Reflection 1, April 8
April 8 was my first day at Estabrook Elementary School. I am in the 4th grade classroom with teacher Ms. Christensen. As I expected Estabrook is a diverse public school, which is good for me because that is the type of school I want to be in. I have had previous background in types of schools like this, but every school has different facets that you have to get used to. For example I was very surprised when I saw the student population of the classroom. There are 31 students in the classroom which makes the classroom crowded at times. Another aspect that I enjoy is that there are a wide variety of students with different needs; more specifically 2 students that have autism. Students with autism fascinate me very much and I hope to work with them during this experience.
I got there to the class 20 mins early so I could chat with Ms. Christensen about what she wanted me to do and to inform her what I needed to get done for my class. We talked for a bit so I could get a feel for how she ran the class and what I could do to help. When the students got to the classroom I was going to read the book The Magic Finger, by Roald Dahl with a group of 4 students. I didn’t get a lot of background knowledge about the group that I was going to be with. The only thing she told me was that one of the students had autism, so I was excited to hear that. The group reading went well; we all read about a page which is about 2-3 paragraphs each and then switched readers. I found that the group was a mixture of low-achieving readers and high-achieving readers. When students didn’t know what a word meant I didn’t want to just tell them what it meant. I didn’t want them to forget what it meant by the next page so we would use context clues and the pictures to help figure it out. I liked having the group be a mixture of different reading leveled readers because those who struggled a little could hear more fluent readers read. It also allowed the groups to finish around the same time.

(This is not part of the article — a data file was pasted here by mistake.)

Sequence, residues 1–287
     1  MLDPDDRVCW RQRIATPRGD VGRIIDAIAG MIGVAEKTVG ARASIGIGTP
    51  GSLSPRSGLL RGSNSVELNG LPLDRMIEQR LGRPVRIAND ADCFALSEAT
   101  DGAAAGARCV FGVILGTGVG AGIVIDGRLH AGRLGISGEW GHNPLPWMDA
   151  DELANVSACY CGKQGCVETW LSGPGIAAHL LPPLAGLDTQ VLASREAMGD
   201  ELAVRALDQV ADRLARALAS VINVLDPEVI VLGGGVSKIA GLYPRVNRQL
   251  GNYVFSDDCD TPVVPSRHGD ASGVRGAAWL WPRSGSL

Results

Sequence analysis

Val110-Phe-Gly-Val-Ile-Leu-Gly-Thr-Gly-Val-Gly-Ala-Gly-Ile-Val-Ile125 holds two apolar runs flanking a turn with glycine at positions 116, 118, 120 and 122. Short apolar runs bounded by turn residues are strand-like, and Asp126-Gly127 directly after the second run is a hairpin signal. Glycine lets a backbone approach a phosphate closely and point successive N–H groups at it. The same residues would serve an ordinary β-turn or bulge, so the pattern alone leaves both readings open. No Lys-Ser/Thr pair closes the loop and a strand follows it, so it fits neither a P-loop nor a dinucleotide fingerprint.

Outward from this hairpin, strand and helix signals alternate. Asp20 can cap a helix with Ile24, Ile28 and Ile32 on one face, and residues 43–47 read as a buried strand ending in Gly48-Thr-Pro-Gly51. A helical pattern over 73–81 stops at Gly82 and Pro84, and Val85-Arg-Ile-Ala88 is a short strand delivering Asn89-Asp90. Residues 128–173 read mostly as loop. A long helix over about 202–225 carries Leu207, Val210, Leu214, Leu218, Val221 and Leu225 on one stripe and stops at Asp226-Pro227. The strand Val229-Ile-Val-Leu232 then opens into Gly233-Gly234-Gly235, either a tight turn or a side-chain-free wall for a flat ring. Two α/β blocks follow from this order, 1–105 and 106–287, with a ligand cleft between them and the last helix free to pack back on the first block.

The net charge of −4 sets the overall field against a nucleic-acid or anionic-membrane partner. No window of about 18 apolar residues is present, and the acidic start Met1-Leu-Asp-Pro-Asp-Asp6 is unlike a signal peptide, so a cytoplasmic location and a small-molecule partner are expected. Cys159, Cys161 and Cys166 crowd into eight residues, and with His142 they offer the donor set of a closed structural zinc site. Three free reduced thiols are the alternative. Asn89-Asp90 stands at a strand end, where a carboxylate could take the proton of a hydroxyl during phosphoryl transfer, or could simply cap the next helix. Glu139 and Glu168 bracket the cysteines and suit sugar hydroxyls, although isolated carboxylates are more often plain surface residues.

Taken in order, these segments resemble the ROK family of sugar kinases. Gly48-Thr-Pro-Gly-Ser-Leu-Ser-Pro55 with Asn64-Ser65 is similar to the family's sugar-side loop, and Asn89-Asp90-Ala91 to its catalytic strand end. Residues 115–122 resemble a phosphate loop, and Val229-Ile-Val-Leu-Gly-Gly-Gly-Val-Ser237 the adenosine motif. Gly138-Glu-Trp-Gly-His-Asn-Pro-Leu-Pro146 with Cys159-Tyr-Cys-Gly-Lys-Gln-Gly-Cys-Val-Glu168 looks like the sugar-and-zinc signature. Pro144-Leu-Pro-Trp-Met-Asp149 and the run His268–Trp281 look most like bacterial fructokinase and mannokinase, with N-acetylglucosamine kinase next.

One thing I noticed was that students read very quietly so I would consistently have to ask them to read a little louder. This happened often with the student who had autism. He would start out reading nice and loud, and then as he progressed he would start reading silently. He would get caught in the reading and forget to read the section out loud. I also noticed that many of the students skipped words or changed the tense of words while reading. However, the words they missed or changed didn’t really change the meaning of the text so they were reading for comprehension. We ended up reading 5 chapters this day and had to do story maps of the section we read. The story map included author, title, setting, and plot.